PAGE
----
2.3 Pump-turbine technology . . . . . . . . . . . . . . . . . . . . . . . . . . . 9
2.3.1 Pump-turbine components . . . . . . . . . . . . . . . . . . . . . . 11
2.3.2 Energy balance . . . . . . . . . . . . . . . . . . . . . . . . . . . . 11
2.4 Rotor-Stator Interaction phenomenon . . . . . . . . . . . . . . . . . . . . 13
2.4.1 Physical principles . . . . . . . . . . . . . . . . . . . . . . . . . . 14

3 Fluid-structure coupling in the guide vane cascade 19


3.1 General definitions . . . . . . . . . . . . . . . . . . . . . . . . . . . . . . 19
3.2 Newton’s law applied to the guide vanes . . . . . . . . . . . . . . . . . . 20
3.3 Hydrodynamic loading . . . . . . . . . . . . . . . . . . . . . . . . . . . . 20
3.4 Eigenmodes of the guide vanes . . . . . . . . . . . . . . . . . . . . . . . . 25

II Investigation methodology 27

4 Investigated pump-turbine 29
4.1 Pump-turbine characteristics . . . . . . . . . . . . . . . . . . . . . . . . . 29

5 Test facility 37

6 Measuring apparatus 39
6.1 Impulse excitation system . . . . . . . . . . . . . . . . . . . . . . . . . . 39
6.1.1 In air . . . . . . . . . . . . . . . . . . . . . . . . . . . . . . . . . . 39
6.1.2 In water . . . . . . . . . . . . . . . . . . . . . . . . . . . . . . . . 39
6.2 Structural vibration measurement . . . . . . . . . . . . . . . . . . . . . . 40
6.3 Flow pressure measurement . . . . . . . . . . . . . . . . . . . . . . . . . 43
6.4 Measuring chain . . . . . . . . . . . . . . . . . . . . . . . . . . . . . . . . 45

EPFL - Laboratory for Hydraulic Machines


ii CONTENTS

III Guide vane cascade dynamics 49


7 Rotating pressure modes in the stator due to the RSI 51

8 Impulse response 63
8.1 Guide vanes in place, dewatered model . . . . . . . . . . . . . . . . . . . 63
8.1.1 Eigenfrequencies . . . . . . . . . . . . . . . . . . . . . . . . . . . 63
8.1.2 Structural damping . . . . . . . . . . . . . . . . . . . . . . . . . . 66
8.2 Guide vanes in place, still water . . . . . . . . . . . . . . . . . . . . . . . 68
8.2.1 Eigenfrequencies . . . . . . . . . . . . . . . . . . . . . . . . . . . 68
8.2.2 Hydrodynamic damping . . . . . . . . . . . . . . . . . . . . . . . 70
8.3 Guide vanes in place, model in operation . . . . . . . . . . . . . . . . . . 72
8.3.1 Eigenfrequencies . . . . . . . . . . . . . . . . . . . . . . . . . . . 74
8.3.2 Hydrodynamic damping . . . . . . . . . . . . . . . . . . . . . . . 75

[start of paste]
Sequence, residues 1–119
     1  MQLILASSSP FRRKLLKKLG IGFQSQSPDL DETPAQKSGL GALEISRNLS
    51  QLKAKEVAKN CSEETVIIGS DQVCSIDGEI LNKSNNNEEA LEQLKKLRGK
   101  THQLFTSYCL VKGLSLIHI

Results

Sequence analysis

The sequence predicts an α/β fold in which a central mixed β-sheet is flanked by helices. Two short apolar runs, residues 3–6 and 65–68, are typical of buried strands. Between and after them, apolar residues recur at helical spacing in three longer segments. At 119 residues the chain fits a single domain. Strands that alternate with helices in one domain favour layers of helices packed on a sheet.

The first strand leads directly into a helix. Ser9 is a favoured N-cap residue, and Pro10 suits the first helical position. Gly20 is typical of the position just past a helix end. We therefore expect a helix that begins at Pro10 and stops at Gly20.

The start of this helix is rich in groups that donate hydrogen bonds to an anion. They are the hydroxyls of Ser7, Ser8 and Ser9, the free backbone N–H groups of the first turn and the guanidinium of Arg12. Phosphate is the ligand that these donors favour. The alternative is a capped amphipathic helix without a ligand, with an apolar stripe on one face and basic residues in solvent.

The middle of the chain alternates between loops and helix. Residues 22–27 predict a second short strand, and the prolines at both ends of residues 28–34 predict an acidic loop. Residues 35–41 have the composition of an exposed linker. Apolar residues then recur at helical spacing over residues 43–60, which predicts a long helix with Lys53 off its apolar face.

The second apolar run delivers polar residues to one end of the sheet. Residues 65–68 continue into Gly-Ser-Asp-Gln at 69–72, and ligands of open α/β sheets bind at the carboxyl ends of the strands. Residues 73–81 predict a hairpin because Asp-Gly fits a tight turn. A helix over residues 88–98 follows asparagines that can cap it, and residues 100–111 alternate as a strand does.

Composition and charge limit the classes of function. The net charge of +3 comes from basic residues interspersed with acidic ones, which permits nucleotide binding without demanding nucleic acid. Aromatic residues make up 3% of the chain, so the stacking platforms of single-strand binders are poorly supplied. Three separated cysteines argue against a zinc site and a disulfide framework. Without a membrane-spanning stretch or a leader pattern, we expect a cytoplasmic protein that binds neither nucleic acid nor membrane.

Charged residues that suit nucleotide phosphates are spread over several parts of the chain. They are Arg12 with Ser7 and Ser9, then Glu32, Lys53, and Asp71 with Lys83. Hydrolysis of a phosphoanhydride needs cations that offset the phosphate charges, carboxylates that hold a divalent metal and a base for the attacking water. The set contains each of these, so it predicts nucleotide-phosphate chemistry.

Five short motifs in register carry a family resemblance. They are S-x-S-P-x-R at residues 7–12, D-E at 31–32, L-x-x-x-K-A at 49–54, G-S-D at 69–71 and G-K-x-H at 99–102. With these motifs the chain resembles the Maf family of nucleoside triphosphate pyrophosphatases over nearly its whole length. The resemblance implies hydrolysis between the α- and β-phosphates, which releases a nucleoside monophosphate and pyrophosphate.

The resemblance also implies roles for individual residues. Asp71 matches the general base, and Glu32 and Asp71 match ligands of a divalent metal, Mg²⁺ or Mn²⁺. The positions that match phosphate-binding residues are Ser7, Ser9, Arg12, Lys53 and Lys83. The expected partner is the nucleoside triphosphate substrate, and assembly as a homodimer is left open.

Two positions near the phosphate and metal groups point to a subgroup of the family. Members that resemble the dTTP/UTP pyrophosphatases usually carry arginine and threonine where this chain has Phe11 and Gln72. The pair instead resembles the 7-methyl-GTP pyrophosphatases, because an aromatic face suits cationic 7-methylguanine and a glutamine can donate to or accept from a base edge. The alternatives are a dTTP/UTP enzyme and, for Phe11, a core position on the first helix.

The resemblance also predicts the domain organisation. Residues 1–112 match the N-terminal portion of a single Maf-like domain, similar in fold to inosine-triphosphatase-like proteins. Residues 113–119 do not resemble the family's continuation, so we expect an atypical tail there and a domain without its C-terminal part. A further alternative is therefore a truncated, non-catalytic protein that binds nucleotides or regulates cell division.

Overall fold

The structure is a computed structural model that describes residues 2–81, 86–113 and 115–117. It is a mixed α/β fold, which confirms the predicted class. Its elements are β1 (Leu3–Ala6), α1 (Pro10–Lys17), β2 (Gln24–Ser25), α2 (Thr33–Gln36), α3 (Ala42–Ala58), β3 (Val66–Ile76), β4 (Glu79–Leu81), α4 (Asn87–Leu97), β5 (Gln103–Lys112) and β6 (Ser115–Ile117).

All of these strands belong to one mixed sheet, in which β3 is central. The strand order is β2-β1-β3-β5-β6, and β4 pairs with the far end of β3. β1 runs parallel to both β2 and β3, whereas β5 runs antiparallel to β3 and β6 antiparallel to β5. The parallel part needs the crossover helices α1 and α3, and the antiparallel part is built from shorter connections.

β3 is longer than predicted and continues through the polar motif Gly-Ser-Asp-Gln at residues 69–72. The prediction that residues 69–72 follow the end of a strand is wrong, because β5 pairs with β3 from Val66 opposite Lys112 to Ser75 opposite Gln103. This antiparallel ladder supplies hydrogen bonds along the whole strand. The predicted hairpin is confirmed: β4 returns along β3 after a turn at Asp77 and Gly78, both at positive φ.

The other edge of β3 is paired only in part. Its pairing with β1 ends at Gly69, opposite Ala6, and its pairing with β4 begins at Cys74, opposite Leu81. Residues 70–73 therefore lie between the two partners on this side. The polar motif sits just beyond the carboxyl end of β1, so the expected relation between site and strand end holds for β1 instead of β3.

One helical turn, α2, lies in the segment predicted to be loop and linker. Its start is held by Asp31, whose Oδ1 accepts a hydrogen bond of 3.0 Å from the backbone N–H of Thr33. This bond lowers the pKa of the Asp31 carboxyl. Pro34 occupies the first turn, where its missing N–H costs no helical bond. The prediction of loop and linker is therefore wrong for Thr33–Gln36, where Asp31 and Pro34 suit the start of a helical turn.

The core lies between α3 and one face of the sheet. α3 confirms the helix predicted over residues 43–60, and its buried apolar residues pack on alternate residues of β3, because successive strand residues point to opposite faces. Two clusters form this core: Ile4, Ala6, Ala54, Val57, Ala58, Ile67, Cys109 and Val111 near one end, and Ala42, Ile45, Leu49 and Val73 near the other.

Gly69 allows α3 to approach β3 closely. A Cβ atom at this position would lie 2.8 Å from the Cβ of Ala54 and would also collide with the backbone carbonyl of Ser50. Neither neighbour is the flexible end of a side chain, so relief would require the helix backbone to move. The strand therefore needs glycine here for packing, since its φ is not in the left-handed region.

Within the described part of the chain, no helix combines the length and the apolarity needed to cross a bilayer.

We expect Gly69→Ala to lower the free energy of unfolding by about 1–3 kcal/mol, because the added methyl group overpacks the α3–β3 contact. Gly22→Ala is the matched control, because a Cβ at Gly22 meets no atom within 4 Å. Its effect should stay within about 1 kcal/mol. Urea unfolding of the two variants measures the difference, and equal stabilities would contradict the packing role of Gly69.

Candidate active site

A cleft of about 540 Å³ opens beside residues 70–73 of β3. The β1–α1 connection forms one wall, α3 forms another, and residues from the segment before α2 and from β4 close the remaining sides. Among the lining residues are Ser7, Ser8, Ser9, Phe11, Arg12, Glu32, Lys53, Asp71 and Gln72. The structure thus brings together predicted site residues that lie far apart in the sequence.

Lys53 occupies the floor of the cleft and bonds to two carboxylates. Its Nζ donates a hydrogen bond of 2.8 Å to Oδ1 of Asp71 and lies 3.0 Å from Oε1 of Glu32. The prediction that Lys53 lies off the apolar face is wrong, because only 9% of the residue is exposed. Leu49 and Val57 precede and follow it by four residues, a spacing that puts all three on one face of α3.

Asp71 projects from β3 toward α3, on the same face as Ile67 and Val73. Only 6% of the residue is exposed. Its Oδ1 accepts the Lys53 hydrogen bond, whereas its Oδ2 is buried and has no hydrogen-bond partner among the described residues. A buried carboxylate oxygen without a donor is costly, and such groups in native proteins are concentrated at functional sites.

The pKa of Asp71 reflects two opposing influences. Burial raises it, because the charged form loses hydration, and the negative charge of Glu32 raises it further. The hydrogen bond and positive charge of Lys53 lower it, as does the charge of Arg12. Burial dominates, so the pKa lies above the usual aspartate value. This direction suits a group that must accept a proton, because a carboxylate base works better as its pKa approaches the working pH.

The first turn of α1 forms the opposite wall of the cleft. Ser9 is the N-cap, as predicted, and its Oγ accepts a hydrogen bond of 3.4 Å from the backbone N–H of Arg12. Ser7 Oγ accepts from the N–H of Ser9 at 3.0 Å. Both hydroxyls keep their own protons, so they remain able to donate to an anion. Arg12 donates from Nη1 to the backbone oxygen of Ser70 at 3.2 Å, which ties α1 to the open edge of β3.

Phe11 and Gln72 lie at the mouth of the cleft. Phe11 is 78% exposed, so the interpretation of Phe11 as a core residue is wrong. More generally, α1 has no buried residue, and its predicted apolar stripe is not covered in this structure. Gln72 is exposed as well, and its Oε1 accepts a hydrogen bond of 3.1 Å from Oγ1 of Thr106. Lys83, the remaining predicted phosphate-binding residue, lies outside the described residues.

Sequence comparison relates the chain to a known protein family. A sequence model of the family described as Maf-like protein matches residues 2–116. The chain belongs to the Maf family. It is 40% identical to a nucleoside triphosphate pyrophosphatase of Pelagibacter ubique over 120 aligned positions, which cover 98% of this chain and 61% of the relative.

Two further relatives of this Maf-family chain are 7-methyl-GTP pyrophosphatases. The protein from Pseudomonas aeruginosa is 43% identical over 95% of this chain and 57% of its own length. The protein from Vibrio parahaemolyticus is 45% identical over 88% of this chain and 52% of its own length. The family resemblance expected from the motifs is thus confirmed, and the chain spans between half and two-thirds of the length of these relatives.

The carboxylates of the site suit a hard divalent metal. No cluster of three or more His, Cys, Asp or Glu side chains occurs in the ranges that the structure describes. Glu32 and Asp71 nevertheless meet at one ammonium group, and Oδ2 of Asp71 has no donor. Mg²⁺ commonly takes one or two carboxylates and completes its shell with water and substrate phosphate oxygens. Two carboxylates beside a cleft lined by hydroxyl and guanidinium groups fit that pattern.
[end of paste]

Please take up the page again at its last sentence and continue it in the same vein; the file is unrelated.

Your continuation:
9 Forced response of the guide vanes 79


9.1 Testing conditions . . . . . . . . . . . . . . . . . . . . . . . . . . . . . . . 79
9.2 Pressure fluctuations and guide vane vibrations . . . . . . . . . . . . . . 81

10 Identification of the hydrodynamic parameters 97


10.1 Identification methodology . . . . . . . . . . . . . . . . . . . . . . . . . . 97
10.1.1 Bending eigenmode . . . . . . . . . . . . . . . . . . . . . . . . . . 99
10.1.2 Torsion eigenmode . . . . . . . . . . . . . . . . . . . . . . . . . . 101
10.2 Hydrodynamic parameters for the bending eigenmode . . . . . . . . . . . 103
10.3 Hydrodynamic parameters for the torsion eigenmode . . . . . . . . . . . 111

11 Eigenvalue problem 119


11.1 Bending eigenmode . . . . . . . . . . . . . . . . . . . . . . . . . . . . . . 119
11.2 Torsion eigenmode . . . . . . . . . . . . . . . . . . . . . . . . . . . . . . 121

12 The entire guide vane cascade 125


12.1 Bending eigenmode . . . . . . . . . . . . . . . . . . . . . . . . . . . . . . 125
12.2 Torsion eigenmode . . . . . . . . . . . . . . . . . . . . . . . . . . . . . . 127

IV Conclusions and Perspectives 133


13 Conclusions 135

14 Perspectives 137

Appendices 141
A Signal processing 141
A.1 Random data spectral analysis . . . . . . . . . . . . . . . . . . . . . . . . 141

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CONTENTS iii

B Analytical identification of the guide vane dynamics 143


B.1 Deflection and rotation of a beam due to simple bending . . . . . . . . . 143
B.2 Angular deflection of a beam due to simple torsion . . . . . . . . . . . . 144
B.3 Guide vane stiffness identification . . . . . . . . . . . . . . . . . . . . . . 145
B.3.1 Modified guide vanes . . . . . . . . . . . . . . . . . . . . . . . . . 145
B.3.2 Usual guide vanes . . . . . . . . . . . . . . . . . . . . . . . . . . . 146
B.4 Identification of the guide vane bending and torsion eigenfrequencies . . . 147
B.4.1 Modified guide vanes . . . . . . . . . . . . . . . . . . . . . . . . . 147
B.4.2 Usual guide vanes . . . . . . . . . . . . . . . . . . . . . . . . . . . 148